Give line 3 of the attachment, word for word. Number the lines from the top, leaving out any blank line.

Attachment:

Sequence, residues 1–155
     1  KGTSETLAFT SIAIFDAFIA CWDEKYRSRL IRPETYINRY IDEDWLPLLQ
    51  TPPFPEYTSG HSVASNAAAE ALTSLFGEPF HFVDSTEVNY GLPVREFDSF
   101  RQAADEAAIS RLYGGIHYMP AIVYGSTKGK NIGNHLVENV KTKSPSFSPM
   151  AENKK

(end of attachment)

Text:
    51  TPPFPEYTSG HSVASNAAAE ALTSLFGEPF HFVDSTEVNY GLPVREFDSF